President-elect Barack Obama plans to announce six experienced hands to fill top administration posts today, moving at record speed to name the leadership team that will guide his presidency through a time of war and recession.
His selections include longtime advisers and political foes alike, most notably Democratic primary rival Hillary Clinton as secretary of state and President George W. Bush's defense secretary, Robert M. Gates, staying in his current post. The two were among six Obama planned to announce at a news conference in Chicago, Democratic officials said.
The officials said Obama also planned to name Washington lawyer Eric Holder as attorney general and Arizona Gov. Janet Napolitano as homeland security secretary. He also planned to announce two senior foreign policy positions outside the Cabinet: campaign foreign policy adviser Susan Rice as U.N. ambassador and retired Marine Gen. James L. Jones as national security adviser.
The Democratic officials disclosed the plans yesterday on a condition of anonymity because the names were not authorized for public release ahead of the news conference. Those names had been discussed before for those jobs, but the officials confirmed that Obama will make them official today in his hometown.
Obama has also settled on former Senate Democratic leader Tom Daschle to be his secretary of health and human services and New Mexico Gov. Bill Richardson to be commerce secretary, but those announcements are not yet official. Last week, he named key members of his economic team, including Timothy Geithner, president of Federal Reserve Bank of New York, as Treasury secretary.
The decisions mean Obama has half of his Cabinet assembled less than a month after the election, including the most prominent positions at the State, Justice, Treasury and Defense departments. The team so far shares deep experience and proven ability to get things done, and it shares some characteristics with Bush's first Cabinet choices.
For secretary of state, both went with big names that campaigned against them in their primary race, with Obama choosing Clinton and Bush going with former Joint Chiefs of Staff Chairman Colin L. Powell, who backed Arizona Sen. John McCain in the 2000 Republican primary. At HHS, both chose deeply experienced elected officials - Obama picking Daschle and Bush choosing Tommy G. Thompson, who was the governor of Wisconsin.
They also chose experienced defense secretaries who had already served in the position - Gates for Obama and Donald H. Rumsfeld for Bush. And both put well-respected governors as their first picks as homeland security secretary - a position Bush created - with Obama picking Napolitano and Bush choosing Tom Ridge, who was Pennsylvania's governor.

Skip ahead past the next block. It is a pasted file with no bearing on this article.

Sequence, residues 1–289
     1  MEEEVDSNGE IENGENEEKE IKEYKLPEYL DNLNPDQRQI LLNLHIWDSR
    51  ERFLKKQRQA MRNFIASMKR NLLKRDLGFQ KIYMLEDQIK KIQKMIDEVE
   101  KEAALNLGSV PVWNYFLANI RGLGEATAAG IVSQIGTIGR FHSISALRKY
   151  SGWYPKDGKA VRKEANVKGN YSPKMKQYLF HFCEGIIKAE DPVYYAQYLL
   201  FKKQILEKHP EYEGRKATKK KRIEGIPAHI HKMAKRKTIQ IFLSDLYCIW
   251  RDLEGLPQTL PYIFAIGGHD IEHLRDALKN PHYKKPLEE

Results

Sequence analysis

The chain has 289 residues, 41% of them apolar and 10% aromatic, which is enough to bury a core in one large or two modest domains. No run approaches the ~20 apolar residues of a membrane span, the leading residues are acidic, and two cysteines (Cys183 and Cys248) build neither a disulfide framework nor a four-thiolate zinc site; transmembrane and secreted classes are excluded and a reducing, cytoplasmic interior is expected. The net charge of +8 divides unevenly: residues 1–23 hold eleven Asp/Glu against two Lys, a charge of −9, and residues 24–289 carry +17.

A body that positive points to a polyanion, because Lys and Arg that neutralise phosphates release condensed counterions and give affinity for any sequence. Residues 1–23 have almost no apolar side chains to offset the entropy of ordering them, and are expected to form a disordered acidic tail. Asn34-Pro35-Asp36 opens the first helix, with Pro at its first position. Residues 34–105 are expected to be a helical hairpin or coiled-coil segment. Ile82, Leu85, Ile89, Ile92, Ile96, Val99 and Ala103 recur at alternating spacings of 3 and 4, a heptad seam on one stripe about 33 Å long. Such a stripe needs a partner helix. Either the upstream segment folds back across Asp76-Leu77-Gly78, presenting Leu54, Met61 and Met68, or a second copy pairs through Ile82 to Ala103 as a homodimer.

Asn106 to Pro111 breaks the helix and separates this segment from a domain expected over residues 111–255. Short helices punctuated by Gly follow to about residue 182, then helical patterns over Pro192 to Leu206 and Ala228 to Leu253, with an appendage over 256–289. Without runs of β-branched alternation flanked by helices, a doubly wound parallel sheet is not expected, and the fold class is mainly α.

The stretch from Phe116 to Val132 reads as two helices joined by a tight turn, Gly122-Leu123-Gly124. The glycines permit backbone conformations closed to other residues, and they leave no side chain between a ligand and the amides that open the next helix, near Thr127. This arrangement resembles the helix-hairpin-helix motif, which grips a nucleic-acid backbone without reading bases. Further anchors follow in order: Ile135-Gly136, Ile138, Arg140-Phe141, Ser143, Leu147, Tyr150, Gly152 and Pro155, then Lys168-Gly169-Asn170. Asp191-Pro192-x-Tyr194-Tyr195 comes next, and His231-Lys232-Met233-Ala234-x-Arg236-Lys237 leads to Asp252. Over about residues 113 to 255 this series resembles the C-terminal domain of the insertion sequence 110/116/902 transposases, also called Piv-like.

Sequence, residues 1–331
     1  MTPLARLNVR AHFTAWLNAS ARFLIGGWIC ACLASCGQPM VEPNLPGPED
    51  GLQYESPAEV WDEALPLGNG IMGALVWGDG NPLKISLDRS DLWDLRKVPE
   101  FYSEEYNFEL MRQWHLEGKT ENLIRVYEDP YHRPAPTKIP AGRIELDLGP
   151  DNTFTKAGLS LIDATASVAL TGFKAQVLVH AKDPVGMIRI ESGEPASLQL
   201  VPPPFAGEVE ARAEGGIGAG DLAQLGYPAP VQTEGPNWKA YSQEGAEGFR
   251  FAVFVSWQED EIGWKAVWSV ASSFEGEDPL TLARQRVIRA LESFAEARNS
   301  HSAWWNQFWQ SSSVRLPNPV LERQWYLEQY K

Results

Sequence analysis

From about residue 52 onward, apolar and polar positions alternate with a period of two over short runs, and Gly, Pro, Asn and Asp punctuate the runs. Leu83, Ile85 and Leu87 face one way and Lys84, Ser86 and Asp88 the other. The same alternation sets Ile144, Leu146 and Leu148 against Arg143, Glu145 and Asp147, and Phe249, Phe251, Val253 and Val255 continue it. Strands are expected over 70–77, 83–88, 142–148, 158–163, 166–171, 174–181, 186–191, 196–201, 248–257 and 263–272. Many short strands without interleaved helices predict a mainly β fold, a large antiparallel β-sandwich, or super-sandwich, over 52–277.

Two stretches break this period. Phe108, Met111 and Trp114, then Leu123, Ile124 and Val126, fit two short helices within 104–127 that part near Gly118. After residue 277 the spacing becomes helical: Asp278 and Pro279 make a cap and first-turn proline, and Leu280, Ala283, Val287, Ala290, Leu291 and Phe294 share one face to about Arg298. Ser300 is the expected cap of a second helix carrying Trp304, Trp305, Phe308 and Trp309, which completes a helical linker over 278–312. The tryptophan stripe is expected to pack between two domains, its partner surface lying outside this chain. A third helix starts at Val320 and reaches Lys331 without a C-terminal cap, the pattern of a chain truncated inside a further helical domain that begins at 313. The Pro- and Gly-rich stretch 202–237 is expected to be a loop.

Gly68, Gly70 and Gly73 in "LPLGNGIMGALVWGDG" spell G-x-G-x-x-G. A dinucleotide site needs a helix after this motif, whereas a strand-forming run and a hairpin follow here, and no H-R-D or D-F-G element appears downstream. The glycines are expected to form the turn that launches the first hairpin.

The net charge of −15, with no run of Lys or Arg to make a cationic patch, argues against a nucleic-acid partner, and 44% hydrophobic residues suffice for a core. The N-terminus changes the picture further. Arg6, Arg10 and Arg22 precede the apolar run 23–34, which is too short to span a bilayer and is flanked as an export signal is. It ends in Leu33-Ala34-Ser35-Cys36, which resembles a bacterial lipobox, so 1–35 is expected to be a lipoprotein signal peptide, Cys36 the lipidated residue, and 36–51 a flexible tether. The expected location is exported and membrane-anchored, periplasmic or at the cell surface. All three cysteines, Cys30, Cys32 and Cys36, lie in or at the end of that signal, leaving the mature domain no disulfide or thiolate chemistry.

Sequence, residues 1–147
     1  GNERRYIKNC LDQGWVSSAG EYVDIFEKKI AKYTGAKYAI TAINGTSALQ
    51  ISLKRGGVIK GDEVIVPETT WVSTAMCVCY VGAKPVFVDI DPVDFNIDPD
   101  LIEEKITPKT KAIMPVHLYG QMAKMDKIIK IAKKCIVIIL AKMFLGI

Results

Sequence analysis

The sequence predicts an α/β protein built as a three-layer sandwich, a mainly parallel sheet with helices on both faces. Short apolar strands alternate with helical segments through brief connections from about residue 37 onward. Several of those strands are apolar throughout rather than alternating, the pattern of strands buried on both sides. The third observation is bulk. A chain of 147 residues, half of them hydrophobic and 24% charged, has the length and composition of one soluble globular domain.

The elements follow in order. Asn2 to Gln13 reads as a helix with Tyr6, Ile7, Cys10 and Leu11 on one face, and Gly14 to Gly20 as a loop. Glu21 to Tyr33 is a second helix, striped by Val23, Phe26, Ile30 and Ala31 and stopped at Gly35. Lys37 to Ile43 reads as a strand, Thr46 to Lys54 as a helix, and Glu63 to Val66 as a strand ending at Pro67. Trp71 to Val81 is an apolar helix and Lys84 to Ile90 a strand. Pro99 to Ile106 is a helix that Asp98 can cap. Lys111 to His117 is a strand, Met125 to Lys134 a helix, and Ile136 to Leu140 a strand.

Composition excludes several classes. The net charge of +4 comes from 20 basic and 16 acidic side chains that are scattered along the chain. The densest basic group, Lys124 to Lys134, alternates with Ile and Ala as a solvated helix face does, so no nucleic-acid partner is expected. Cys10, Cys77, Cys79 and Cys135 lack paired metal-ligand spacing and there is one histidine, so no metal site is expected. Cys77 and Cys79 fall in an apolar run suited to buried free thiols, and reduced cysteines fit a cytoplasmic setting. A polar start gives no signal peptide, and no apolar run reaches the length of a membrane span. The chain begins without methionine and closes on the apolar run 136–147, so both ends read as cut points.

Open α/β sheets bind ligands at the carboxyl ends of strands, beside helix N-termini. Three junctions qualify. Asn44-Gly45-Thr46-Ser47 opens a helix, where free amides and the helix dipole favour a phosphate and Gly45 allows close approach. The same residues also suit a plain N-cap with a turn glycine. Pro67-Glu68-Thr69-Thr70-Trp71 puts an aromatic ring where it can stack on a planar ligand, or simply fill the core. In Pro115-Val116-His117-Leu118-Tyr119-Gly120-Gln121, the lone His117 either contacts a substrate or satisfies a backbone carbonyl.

In some cases, Obama is choosing even more experienced hands. Jones and Richardson have more government experience than Bush's first national security adviser, Condoleezza Rice, and his first commerce secretary, Donald L. Evans.
Clinton's nomination is the latest chapter in what began as a bitter rivalry for the Democratic presidential nomination. After Obama defeated her, Clinton backed his general election campaign against McCain, and she has now agreed to give up her seat as New York's junior senator to be his top diplomat.
To make it possible for his wife to become secretary of state, party officials said, former President Bill Clinton agreed to:
* Disclose the names of every contributor to his foundation since its inception in 1997 and all contributors going forward.
* Refuse donations from foreign governments to the Clinton Global Initiative, his annual charitable conference.
* Cease holding CGI meetings overseas.
* Volunteer to step away from day-to-day management of the foundation while his wife is secretary of state.
* Submit his speaking schedule to review by the State Department and White House counsel.
* Submit any new sources of income to a similar ethical review.
"It's a big step," said Sen. Richard G. Lugar of Indiana, the top Republican on the Foreign Relations Committee, who said he plans to vote to confirm Clinton.
Lugar said there would still be "legitimate questions" raised about the former president's extensive international involvement. "I don't know how, given all of our ethics standards now, anyone quite measures up to this who has such cosmic ties, but ... hopefully, this team of rivals will work."